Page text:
Naserian had noticed that Purity’s tears flowed more easily since the death of Pulei, her father.
Pulei, Naserian’s husband of forty-one years, died two years ago and since then, conflicts at his Boma had intensified.
To distract her daughter from whatever thought had brought such pain to her eyes, Naserian smoothed a hand over the clear varnish of her mahogany dining table. “This will last me another lifetime, let them take whatever of my household items from Korusei.”
Purity stared at her mother. “Did you not say you have moved on, that you will forget the past?” She asked as she edged to one side of the chair and massaged the bottom of her thigh behind the knee, as if it had gone numb. “I still think you should go back home. No one will kill you. It is your home.” She said in a raised voice.
Naserian shook her head, like to dispel a bad thought. “I didn't mean to hurt you. I have moved on.” She entwined both hands at the back of her head as her eyes besought those of her daughter. “I will not go back to that village.” She said, walking to the door and gripping the doorknob. “This place is secure. I will be fine.” Naserian uttered a phrase she had repeated uncountable times, since her arrival at Three Hills Town in October.
Three months ago, Naserian moved seventy kilometres, from her marital home in Korusei village to Three Hills Town, due to conflicts over livestock and land. On some days, her co-wives and their sons said two hundred and sixty heads of cattle were too many for one person, Naserian. On other days they said Naserian did not need the seventy acres of land titled in her name.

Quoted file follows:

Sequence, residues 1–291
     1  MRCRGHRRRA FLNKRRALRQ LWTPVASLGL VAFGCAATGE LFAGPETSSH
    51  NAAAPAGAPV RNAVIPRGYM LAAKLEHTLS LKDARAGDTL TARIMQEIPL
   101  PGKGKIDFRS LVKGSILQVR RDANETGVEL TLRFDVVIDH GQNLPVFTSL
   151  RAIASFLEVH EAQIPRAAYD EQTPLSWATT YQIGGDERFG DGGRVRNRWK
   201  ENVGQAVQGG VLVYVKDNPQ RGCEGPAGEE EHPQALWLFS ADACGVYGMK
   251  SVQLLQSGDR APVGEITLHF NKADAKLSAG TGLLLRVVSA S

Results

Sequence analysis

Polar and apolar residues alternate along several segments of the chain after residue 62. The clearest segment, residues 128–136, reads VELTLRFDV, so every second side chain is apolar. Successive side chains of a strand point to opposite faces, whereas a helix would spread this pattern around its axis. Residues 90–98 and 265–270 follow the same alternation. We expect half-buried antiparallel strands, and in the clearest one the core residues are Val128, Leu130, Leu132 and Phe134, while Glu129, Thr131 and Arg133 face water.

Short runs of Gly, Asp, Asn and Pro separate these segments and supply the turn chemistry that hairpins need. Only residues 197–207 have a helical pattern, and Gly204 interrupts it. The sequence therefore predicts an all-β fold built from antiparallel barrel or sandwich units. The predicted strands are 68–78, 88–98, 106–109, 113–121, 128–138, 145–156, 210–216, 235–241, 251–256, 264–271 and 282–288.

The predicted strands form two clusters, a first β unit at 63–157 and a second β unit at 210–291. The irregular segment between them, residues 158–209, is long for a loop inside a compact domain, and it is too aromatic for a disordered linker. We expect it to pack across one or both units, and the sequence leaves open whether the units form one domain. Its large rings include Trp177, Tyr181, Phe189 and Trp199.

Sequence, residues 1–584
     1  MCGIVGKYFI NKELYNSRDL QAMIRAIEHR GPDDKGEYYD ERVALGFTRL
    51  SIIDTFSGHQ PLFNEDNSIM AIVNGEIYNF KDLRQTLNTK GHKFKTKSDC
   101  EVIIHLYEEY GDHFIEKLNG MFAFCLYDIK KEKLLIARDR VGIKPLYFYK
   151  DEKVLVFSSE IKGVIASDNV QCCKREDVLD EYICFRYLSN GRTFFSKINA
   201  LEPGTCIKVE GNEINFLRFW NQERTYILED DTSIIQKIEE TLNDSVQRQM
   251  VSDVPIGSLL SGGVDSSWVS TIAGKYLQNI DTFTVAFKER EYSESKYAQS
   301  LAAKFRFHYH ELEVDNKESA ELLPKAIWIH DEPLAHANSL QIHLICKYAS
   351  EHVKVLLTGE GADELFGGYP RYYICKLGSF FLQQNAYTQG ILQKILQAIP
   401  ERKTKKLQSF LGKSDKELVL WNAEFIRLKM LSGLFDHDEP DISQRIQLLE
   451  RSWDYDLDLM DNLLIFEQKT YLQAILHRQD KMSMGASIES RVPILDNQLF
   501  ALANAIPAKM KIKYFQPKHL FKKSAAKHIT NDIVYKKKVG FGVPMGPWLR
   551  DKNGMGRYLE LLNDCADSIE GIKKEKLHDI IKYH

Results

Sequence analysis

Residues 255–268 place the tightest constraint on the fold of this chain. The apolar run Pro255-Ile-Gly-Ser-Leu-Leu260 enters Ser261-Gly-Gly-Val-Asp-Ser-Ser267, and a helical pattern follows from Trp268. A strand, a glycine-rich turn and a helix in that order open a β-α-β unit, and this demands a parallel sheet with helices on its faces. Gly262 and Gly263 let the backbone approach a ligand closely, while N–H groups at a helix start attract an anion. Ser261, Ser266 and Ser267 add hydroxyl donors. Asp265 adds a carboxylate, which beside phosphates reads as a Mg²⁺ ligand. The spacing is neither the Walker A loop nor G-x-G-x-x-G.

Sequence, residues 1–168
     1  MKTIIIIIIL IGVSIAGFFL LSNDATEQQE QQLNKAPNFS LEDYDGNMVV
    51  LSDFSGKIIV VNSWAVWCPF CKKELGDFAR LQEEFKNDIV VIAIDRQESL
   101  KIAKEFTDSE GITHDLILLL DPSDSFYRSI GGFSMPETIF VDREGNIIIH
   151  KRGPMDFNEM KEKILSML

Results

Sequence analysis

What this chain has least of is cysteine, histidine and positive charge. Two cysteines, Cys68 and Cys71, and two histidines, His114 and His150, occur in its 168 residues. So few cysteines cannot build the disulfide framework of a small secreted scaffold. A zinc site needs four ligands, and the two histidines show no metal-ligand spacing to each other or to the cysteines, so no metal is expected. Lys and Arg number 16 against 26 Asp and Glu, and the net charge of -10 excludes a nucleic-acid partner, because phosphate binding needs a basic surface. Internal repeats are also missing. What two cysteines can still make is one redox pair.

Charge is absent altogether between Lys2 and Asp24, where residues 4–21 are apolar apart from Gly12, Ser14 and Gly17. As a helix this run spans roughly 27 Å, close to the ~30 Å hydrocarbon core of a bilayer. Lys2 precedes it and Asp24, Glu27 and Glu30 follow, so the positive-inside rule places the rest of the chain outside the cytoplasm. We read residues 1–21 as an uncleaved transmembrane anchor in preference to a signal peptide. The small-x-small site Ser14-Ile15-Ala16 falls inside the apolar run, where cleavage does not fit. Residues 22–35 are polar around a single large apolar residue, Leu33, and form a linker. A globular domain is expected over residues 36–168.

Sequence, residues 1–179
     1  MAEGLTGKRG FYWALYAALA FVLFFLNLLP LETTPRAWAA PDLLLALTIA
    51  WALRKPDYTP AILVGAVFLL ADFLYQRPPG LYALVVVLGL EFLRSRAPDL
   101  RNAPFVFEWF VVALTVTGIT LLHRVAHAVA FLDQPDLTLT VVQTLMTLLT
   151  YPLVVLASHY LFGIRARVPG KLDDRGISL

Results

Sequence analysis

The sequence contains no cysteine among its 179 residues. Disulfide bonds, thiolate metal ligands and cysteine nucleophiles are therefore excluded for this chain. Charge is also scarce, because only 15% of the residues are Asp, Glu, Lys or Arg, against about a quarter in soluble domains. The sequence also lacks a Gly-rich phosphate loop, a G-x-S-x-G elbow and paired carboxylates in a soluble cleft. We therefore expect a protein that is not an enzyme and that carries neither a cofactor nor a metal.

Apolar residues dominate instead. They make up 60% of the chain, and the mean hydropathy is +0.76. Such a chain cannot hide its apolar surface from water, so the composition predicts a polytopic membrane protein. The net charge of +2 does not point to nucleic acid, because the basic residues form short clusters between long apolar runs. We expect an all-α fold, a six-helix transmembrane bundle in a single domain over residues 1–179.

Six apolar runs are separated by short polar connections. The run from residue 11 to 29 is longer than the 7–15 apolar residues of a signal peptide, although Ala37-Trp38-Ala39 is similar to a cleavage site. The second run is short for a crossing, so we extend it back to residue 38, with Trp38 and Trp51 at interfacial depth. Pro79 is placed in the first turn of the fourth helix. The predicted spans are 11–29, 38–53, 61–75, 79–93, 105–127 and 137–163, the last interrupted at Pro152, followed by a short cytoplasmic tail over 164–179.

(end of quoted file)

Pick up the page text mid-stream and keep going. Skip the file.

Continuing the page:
Ten years ago, Pulei had subdivided his land and given title deeds to each of his five wives and to his married sons. Everyone in Pulei’s Boma had appeared content and stayed peaceful, until Pulei died. Pulei’s third wife and some of his sons sold part of their land before they turned their anger on Naserian. This was a new development she could not explain.
Over time, the quarrels turned into threats, which Naserian reported to the local chief and later to the police, but all in vain. In some cases, she was dismissed, politely. “Mama. No one will kill you, that’s a minor domestic issue, go back home and talk with your people.” Those words from the officer commanding a local police station had never stopped haunting her.
She could not stay at the Boma, more so when Ondicho and Minko, sons of Pulei’s second and third wives had found courage to insult her. As Pulei’s first wife, Naserian was their first mother, and was to be respected.